This article is a response to recently published research (Journal of American Medical Association 2018) on outcomes for IVF patients having acupuncture.
One of our practitioners (Amy Forth) discusses this study done by personnel working at Western Sydney University and various IVF clinics in Australia and New Zealand into the effectiveness of acupuncture in relation to IVF success.
The trial, which recruited 800 IVF patients in many different IVF clinics, created an international media response; most articles had titles like this one (from The Conversation). “Acupuncture during IVF doesn’t increase chances of having a baby” which is quite misleading.
We would like to point out that the results of this study do not reflect clinical results, and contradict some of the other IVF and acupuncture studies published in recent years.
What this recent study shows us, importantly, is that DOSE matters!
What did the study in JAMA measure?
In a nutshell, the study measured the effectiveness of three acupuncture treatments over two days. One treatment was given a few days before embryo transfer (ET) and two more on the same day as ET. Effectiveness was measured by live birth rates for the group given acupuncture in comparison to a group that was given sham acupuncture (whereby a sham acupuncture needle appears to be inserted but in fact only pricks the skin).
The Acupuncture and IVF journey
ET acupuncture treatments became very popular from 2003 onwards, after the Paulus Study 2002 showed promising results in the use of acupuncture to increase pregnancy rates. In that study, clinical pregnancy rates were 42.5% in the acupuncture group, whereas pregnancy rate was only 26.3% in the control group.
The Paulus finding, and others that followed, were a catalyst for clinics like the Acupuncture Pregnancy Clinic (originally the Acupuncture IVF Support clinic) to offer support to IVF patients, however acupuncture on the day of embryo transfer was never all that was recommended. Our clinics and others like us, of course did, and still do, offer acupuncture on the day of embryo transfer and use treatment protocols based on the original research. However, the clinics also followed other IVF and acupuncture studies in which it had became clear that what Traditional Chinese Medicine had to offer IVF patients was so much more than ET acupuncture. As new research continued to emerge, The Acupuncture Pregnancy Clinic treatments and recommendations evolved, alongside the wealth of experience we had in traditional approaches to gynecology and fertility, learned from specialists in hospitals in China. The benefit of a higher dose of acupuncture quickly became apparent to practitioners and their patients, as the clinic began to recommend that patients focus on treatment before and during the stimulating phase of the IVF cycle.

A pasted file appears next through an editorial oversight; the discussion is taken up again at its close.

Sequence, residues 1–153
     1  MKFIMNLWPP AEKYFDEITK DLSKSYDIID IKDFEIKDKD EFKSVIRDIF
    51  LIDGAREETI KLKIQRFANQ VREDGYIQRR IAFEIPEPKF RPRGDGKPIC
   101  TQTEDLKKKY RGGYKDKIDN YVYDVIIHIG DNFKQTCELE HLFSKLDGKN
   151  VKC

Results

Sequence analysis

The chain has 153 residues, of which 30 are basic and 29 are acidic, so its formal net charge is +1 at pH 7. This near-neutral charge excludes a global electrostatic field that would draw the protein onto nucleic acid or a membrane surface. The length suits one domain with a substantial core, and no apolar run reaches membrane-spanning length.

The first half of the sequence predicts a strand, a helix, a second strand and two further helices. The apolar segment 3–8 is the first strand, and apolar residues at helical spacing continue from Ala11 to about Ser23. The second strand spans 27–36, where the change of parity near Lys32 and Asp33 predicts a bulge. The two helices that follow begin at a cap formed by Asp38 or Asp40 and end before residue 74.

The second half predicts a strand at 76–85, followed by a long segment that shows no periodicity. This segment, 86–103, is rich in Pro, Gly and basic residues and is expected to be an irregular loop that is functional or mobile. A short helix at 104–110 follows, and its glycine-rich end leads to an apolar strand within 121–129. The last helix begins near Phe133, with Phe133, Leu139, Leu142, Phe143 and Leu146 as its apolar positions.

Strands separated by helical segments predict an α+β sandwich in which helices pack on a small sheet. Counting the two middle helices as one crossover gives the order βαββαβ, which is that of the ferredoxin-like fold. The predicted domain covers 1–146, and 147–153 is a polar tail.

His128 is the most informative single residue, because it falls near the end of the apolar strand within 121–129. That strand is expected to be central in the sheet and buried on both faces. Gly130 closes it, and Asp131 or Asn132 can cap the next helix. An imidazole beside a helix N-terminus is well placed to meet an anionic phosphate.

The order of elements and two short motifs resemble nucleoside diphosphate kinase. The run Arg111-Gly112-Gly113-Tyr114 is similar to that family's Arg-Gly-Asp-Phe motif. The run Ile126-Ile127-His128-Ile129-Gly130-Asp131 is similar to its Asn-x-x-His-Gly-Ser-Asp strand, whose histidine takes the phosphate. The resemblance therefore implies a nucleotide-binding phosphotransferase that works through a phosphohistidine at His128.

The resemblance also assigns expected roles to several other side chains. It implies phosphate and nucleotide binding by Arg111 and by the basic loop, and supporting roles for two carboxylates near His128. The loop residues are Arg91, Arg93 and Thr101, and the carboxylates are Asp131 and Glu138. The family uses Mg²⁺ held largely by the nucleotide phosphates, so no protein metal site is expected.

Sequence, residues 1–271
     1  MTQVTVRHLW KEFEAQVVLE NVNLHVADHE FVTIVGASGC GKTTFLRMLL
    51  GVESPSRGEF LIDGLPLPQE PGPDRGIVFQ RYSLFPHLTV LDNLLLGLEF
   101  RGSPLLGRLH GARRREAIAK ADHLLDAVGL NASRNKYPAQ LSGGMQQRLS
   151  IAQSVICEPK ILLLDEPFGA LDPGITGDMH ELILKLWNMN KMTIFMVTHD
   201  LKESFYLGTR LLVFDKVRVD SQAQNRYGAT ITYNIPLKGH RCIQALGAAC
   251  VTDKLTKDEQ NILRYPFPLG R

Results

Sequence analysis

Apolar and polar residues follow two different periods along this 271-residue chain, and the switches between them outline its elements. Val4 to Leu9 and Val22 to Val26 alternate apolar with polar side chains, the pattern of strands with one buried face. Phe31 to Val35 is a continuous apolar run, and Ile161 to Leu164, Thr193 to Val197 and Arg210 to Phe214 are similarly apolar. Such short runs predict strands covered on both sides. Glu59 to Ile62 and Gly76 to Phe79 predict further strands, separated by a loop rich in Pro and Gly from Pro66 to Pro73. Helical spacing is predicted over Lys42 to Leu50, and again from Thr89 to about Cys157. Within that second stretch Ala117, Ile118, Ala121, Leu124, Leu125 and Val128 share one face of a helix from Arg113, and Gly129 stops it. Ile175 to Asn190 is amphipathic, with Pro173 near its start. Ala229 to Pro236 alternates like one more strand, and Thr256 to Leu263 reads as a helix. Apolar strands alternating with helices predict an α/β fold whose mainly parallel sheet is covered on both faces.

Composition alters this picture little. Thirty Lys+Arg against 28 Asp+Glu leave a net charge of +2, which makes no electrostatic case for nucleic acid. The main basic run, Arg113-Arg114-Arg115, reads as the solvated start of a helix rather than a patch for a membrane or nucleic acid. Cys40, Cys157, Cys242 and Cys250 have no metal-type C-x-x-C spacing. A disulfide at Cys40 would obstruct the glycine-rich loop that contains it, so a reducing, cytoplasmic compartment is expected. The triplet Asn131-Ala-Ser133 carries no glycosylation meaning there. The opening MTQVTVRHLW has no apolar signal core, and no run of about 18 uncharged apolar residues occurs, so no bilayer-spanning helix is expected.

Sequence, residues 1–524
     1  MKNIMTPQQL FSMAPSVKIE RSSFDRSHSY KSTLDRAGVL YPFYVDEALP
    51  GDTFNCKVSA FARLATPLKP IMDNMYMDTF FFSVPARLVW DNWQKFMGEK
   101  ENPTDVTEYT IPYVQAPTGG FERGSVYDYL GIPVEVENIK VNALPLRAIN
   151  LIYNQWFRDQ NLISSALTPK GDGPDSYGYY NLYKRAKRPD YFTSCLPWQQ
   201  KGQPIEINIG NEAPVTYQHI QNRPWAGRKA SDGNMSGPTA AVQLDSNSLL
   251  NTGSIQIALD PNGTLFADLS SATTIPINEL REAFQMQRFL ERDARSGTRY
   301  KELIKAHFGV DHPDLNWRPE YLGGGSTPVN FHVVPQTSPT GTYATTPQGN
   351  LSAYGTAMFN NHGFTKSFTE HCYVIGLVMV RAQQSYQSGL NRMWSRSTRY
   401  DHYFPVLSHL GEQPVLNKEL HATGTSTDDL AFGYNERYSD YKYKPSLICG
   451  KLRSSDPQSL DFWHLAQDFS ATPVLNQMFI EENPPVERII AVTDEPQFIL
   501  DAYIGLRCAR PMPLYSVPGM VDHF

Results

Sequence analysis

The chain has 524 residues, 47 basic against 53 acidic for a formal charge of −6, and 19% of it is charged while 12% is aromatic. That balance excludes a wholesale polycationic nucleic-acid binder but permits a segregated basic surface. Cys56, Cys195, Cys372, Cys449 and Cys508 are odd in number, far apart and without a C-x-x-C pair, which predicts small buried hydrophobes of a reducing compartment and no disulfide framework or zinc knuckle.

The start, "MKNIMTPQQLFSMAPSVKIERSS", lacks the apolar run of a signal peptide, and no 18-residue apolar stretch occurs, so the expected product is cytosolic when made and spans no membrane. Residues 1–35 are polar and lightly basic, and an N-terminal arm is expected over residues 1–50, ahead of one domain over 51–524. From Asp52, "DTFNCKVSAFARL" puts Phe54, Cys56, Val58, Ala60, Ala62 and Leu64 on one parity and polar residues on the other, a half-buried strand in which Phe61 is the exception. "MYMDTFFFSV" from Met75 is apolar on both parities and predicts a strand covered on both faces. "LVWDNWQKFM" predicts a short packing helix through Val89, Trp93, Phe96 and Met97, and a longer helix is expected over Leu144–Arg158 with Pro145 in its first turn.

Is acupuncture a magic bullet?
As this recent JAMA study found…well No.
Acupuncture, quite like IVF, is far from a magic bullet. It is however a therapy that influences physiology over time. Usually a course of treatment is required for noticeable effect.
For example, acupuncture has been shown to activate the pituitary hormones that increase ovulation, and improve menstrual regularity and overall fertility. In addition acupuncture has been well documented to reduce stress by its ability to raise endogenous opioid levels.
In fact, based on more current research, we could say the Paulus 2002 study was unusual in that it showed an effect of just two acupuncture treatments, when most acupuncture research, outside of the IVF field, would typically examine the effect of a course of acupuncture treatment that ranges between approximately 8-16 treatments. This is because the dose of the acupuncture matters.
Clinical Practice suggests that the dose of acupuncture matters.
What we see clinically, is that to help our patients and really bring about change – dose really matters. And of course, it does. Would you take three pills out of a course of medication that usually requires twelve pills and expect it to have significant and lasting effects? Acupuncture is no different. It’s NOT a magic bullet but a therapy that needs to be administered in the correct dose for the presenting condition and is unlikely to be effective if it is not. This is supported by a lot of acupuncture research in diverse areas.